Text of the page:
Labor Day in the US means different things to people. For some it is the end of summer, others the start of school and for retailers, it is the big sale day. For me, it is a day to remember my parents. Growing up I had two models of “labor,” my mom at Hampton University and my dad at Fort Monroe. My dad’s world was structure and order, my mom was the arts and creativity, but the debates were about politics.
My experience has been, in the workplace, people often avoid politics or tread carefully until they think we are among coworkers who share their views. In the 1968 Olympics, Tommie Smith (USA), Peter Norman (Australia) and John Carlos (USA) were the gold, silver and bronze medalists in the 200-meter dash, respectively. All three wore Olympics for Human Rights Project badges. There is an infamous photograph that captured the Americans, Mr. Smith and Mr. Carlos, with black gloved fists raised in a salute to human rights. If you look closely at the photo, the Americans are shoeless to represent poverty. John Carlos has his jacket unzipped to show solidarity with labor. A huge uproar followed. At home, I heard my dad and his fraternity brothers debate the actions for this was something they dare not discuss at work. It was opposite the case with my mom. On campus, with her, I heard the professors and students in open dialog, spirited conversations on the proper platforms for protests.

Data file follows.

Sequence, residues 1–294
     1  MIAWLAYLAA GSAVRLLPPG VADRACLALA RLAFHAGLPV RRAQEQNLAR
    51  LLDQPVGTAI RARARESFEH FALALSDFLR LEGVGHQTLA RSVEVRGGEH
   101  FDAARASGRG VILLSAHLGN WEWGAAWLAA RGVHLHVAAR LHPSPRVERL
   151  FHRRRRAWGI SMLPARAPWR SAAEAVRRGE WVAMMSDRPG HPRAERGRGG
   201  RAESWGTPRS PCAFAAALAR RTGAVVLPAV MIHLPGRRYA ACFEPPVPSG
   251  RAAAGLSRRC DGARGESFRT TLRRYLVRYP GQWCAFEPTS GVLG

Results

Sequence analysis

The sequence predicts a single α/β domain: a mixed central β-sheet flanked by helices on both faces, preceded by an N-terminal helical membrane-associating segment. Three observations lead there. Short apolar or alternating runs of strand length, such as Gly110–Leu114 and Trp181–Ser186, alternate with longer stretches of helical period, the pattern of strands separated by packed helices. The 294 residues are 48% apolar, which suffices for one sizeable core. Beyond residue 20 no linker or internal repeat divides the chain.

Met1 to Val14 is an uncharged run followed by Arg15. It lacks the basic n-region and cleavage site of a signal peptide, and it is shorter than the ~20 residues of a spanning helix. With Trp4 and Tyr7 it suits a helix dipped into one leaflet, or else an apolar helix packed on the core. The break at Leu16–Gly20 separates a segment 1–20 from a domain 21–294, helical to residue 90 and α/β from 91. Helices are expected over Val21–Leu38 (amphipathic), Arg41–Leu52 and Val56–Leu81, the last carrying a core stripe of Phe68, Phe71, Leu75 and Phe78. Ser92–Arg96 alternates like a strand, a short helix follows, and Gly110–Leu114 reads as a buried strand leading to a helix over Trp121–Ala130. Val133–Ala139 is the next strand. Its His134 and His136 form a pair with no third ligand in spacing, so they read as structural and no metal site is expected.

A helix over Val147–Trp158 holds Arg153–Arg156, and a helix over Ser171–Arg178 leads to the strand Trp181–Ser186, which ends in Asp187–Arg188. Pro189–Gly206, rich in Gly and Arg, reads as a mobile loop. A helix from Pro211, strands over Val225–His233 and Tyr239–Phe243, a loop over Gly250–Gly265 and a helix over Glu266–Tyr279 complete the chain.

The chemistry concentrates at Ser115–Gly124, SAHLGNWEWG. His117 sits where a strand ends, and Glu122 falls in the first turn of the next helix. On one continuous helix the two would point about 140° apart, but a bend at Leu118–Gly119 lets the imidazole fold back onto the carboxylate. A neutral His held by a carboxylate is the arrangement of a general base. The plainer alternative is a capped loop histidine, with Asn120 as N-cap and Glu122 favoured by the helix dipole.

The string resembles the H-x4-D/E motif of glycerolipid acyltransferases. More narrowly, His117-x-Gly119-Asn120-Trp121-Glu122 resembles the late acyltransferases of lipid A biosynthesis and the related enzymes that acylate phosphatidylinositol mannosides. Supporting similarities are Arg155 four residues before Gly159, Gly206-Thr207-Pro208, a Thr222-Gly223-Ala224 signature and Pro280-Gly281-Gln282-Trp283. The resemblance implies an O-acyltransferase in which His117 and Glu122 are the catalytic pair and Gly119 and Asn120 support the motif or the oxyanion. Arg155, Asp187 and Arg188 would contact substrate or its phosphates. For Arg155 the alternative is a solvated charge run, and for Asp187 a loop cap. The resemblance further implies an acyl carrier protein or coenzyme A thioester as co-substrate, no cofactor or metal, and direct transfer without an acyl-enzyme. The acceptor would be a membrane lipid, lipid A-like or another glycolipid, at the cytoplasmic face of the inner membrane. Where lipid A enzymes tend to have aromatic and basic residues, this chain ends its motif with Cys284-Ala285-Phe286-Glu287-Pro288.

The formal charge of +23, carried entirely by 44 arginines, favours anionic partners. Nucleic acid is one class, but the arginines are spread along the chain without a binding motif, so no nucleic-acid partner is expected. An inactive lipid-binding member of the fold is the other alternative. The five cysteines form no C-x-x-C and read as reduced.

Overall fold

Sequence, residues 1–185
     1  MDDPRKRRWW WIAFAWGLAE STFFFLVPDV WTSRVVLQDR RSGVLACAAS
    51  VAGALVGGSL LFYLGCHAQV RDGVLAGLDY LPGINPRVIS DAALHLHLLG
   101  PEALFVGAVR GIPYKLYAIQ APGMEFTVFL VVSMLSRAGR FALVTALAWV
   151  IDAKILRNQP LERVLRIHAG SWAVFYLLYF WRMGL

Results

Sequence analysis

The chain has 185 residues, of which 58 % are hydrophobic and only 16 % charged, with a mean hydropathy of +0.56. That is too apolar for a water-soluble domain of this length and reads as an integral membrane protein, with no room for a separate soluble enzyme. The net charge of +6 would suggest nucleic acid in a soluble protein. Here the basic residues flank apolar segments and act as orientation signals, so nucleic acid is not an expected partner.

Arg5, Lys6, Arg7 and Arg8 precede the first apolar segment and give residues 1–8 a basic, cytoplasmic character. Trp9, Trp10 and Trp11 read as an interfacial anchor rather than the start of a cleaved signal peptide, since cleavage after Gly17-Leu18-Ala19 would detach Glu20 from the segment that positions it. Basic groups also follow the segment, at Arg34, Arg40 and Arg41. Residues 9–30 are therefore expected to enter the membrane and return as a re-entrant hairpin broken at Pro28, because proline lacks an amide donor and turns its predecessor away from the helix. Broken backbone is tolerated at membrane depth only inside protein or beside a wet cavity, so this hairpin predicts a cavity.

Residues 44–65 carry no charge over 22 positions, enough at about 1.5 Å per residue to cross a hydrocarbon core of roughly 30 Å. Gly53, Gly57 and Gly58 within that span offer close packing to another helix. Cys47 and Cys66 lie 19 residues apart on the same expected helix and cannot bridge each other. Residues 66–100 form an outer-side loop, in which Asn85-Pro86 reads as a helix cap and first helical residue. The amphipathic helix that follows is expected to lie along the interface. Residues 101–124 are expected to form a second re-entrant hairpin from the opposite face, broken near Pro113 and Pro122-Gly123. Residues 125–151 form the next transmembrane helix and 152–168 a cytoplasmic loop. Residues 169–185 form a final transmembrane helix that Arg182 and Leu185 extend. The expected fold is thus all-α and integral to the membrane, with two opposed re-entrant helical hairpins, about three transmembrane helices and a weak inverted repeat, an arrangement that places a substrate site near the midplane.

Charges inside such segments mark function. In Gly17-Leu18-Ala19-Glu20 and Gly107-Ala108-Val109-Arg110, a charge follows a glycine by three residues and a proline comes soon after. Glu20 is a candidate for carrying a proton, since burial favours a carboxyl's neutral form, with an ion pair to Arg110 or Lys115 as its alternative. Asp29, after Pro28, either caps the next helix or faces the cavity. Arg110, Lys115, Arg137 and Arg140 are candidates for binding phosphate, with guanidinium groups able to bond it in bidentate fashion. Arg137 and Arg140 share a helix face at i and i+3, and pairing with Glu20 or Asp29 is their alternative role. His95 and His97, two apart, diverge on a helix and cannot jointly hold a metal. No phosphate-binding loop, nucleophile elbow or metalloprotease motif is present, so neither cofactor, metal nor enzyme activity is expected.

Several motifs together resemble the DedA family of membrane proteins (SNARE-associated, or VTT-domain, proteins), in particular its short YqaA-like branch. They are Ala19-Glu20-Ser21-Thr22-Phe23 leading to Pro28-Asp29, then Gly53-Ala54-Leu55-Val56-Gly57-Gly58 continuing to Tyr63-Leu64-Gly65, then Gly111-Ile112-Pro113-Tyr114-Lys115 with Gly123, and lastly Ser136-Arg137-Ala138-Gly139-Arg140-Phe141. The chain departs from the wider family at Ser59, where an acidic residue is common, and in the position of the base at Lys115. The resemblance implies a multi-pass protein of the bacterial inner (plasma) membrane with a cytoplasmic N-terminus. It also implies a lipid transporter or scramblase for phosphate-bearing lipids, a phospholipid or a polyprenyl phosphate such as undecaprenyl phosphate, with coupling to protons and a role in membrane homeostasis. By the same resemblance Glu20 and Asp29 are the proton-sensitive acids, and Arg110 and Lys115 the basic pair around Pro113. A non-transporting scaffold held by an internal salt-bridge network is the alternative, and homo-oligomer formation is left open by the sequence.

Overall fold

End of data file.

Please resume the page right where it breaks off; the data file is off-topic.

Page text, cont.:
Labor Day originated from the labor movement seeking better working conditions and better wages with workers marching through the streets. Today, Labor Day is often celebrated with parades. The photo shows my Labor Day parade, my platform with my multicultural, peace warriors. Namaste, my friends.